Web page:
The colonization of China was a long campaign involving the exploitation of the Chinese economy by the western powers, but mainly of Britain, France, and the U.S. Before this, China was at the center of the world economy throughout the 1700s due to their widely sought exports of porcelain, silk, and tea, all under the era of the Qing dynasty. However, the Qing Dynasty faced many issues and by the end of the 1700s, China was experiencing strains: a quickly growing population, a difficulty of food supply for this population, and a subsequent lack of centralized government control; all of which led to rebellions and a weakening of the dynasty’s power throughout their country. Alongside these strains, China also contracted many tolls due to the destruction caused by the Opium Wars and the presence of western powers in the country. They were forced to open ports to trade illegal contraband, they also had to permanently give up land just off of their coast to foreign powers, grant legal immunities to non-Chinese traders, and after the second Opium War, they were mandated to allow free movement of Christian missionaries throughout the country. Though, by 1860, due to the imposition of British, French, and U.S. powers in China, it could be considered little more than an international colony. By the early 1900s, the British Empire (now called the United Kingdom), the German Empire, Russia, France, the United States, Japan, Italy, and Austria-Hungary were all present in China, “defending their interests” from the rebels of the Boxer Rebellion in Beijing. In fact, it was one of the few times in history these countries allied with one another: to end the resistance to their western influences in China. The united forces assaulting Beijing did not even do so to defend its people but to see which national army gained the glory of relieving the city of the Boxers. The forces killed the Boxers in Beijing and subsequently looted the entire city as representative armies of eight different countries destroyed Beijing apart. Even Yuanming Yuan (Old Summer Palace), the imperial expanse of palaces and gardens which spanned 3.5 square kilometers, was thoroughly sacked. Its remains still lie in 47 different museums around the world, including the British Museum in London. By the end of the weeks of looting, Beijing was in shambles. China had all the qualities of a colony–international powers dominated it, its economy was used to fund other countries, and an outside religion was being spread through colonial missionaries–it was a colony in anything but name. China transitioned from being the most powerful economy in the world before the Opium Wars to its GDP dropping by half just a decade later. This is reflective of the damage China took from the Opium Wars, but the British colonizers would not let their main source of profit stay broken for long. Through colonization, China’s economy was manipulated by the western powers: the economy fiscally grew, but the wellbeing of the Chinese since the funds of the economy was sent directly to America, France, and the British Empire.
One of the most direct effects on the Chinese economy during the colonial era was the role of Hong Kong just after the Opium Wars. Hong Kong was originally a barren island populated by a few thousand farmers and fishermen when it fell under the sway of the British Empire by force in 1841 and developed into a full-fledged territory after the Treaty of Nanjing in 1842. From that point onward it remained under absolute British control, with a notable presence of the British military. This military/police force, however, was not made up of just English troops, but Indian soldiers as well. The British Empire’s colonization of India was in full effect due to the industrialization of the opium trade, which was produced from Indian poppies in mass quantities. Along with the troops came Indians emigrating from British-controlled India, which pushed the development of Hong Kong through the jobs of building ports, homes, and other colony necessities for a trade city. Hong Kong quickly became the launching point for the British’s business in mainland China as they profited off of the labor of those they had already colonized.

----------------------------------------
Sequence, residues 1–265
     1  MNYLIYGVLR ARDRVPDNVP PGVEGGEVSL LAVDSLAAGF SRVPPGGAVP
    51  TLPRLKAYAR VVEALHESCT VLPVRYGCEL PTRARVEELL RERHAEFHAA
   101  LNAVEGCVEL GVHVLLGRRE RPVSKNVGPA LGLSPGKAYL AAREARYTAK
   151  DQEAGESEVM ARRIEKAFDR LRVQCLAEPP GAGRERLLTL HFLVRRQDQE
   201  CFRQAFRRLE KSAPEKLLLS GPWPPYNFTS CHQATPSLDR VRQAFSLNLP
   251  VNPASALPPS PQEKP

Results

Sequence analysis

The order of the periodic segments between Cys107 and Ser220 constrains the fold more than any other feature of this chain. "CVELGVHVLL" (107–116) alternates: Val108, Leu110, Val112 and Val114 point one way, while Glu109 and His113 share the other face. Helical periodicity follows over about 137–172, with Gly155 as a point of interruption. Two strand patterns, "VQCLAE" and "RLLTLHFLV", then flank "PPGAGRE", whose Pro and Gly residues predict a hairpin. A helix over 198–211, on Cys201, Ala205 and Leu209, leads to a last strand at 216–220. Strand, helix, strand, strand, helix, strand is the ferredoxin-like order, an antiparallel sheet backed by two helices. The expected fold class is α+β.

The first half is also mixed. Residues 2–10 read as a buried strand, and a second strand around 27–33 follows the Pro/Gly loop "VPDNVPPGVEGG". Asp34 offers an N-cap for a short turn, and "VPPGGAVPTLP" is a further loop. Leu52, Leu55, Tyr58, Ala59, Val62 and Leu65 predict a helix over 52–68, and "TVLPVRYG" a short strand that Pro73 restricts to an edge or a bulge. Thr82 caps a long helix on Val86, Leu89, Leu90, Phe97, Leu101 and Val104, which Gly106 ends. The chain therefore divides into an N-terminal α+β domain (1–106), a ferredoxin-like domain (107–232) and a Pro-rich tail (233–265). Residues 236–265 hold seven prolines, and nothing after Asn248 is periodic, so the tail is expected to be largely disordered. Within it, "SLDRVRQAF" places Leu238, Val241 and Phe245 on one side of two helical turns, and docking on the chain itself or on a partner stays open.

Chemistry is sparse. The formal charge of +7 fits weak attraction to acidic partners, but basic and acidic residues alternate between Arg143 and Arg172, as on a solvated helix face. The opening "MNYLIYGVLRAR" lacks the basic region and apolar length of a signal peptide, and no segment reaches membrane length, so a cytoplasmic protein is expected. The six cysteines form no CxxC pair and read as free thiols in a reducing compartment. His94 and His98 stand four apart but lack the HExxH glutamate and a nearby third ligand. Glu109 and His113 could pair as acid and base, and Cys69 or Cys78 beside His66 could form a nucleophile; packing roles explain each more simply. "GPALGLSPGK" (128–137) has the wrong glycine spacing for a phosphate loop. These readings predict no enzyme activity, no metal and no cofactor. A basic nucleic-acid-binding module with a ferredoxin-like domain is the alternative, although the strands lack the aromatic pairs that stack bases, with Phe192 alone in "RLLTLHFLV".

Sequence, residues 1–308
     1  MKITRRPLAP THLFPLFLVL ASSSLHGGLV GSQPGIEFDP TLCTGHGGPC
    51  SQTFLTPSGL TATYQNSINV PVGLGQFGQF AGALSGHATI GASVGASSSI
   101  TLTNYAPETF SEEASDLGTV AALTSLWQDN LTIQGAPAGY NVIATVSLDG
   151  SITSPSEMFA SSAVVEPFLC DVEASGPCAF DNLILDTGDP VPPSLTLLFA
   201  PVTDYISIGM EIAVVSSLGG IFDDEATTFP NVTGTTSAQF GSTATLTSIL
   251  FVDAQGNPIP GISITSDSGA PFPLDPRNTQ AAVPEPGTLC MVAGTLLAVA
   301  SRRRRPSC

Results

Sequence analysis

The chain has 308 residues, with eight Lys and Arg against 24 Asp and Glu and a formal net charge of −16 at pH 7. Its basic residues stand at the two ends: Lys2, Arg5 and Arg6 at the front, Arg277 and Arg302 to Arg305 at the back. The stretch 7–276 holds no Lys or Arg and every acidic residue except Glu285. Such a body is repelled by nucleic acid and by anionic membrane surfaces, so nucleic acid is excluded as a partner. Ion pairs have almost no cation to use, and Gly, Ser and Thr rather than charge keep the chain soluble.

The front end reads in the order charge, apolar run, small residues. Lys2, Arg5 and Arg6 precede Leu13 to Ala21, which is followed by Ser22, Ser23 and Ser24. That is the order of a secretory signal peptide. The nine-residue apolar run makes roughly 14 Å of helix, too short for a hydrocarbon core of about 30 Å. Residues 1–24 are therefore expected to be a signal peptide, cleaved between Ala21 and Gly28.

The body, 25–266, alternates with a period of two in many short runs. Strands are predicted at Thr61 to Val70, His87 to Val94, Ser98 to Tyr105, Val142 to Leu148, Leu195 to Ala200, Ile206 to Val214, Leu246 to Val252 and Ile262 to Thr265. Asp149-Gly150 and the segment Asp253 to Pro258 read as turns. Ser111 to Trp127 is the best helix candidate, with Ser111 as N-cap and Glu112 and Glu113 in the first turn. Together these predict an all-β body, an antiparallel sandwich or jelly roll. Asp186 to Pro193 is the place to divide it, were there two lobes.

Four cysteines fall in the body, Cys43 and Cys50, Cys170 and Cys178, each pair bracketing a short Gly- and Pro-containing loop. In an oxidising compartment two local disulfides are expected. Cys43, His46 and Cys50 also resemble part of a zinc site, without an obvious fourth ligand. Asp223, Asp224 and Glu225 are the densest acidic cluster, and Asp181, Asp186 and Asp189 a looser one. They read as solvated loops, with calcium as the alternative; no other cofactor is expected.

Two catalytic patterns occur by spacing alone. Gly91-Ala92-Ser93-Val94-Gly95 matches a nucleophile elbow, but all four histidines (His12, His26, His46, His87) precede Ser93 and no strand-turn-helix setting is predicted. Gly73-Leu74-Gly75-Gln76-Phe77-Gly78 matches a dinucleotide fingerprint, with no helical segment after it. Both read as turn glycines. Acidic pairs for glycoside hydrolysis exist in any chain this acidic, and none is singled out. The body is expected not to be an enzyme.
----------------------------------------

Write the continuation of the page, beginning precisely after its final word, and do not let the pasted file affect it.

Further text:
Sikh officers dressed in their daily uniforms in Tientsin (now Tianjin), China. “Officers of the Sikh regiment, Tientsin ?, 1900,” by Robert Henry Chandless. Source: University of Washington. Via Wikimedia Commons. https://commons.wikimedia.org/wiki/File:Officers_of_the_Sikh_regiment,_Tientsin_%3F,_1900_(CHANDLESS_24).jpeg
The issue of colonization and China’s economy is a complicated one. Some believe that colonialism, through the suppression of another’s culture for monetary gain, developed China’s economy. This perspective argues that by forcing society to open its borders and ports to trade, the western powers stimulated the economy in a very direct way. Professor Mohammad Shakil Wahed at the University of Reading presents this pro-colonial perspective, saying, “The Middle Kingdom [The Qing Dynasty] would have been in isolation for many more years and might have remained in some form of ‘Dark Age’ without the timely imperial intervention.” Professor Wahed also recognizes the issue with this perspective is that those who argue this are often very critical of China for “not being able to take enough goodness from the west.” This pro-colonial view of colonialism is an entirely positive thing that is a biased view that is critical of any non-western influence and does not recognize the damaging impacts of colonialism in China and its public. Almost all of the arguments for a pro-colonial perspective are biased in this way against the Chinese: condemnatory of any values that did not originate from the West. Therefore, when they are used in a discussion of China’s economy, they present an unresolvable conflict of interest.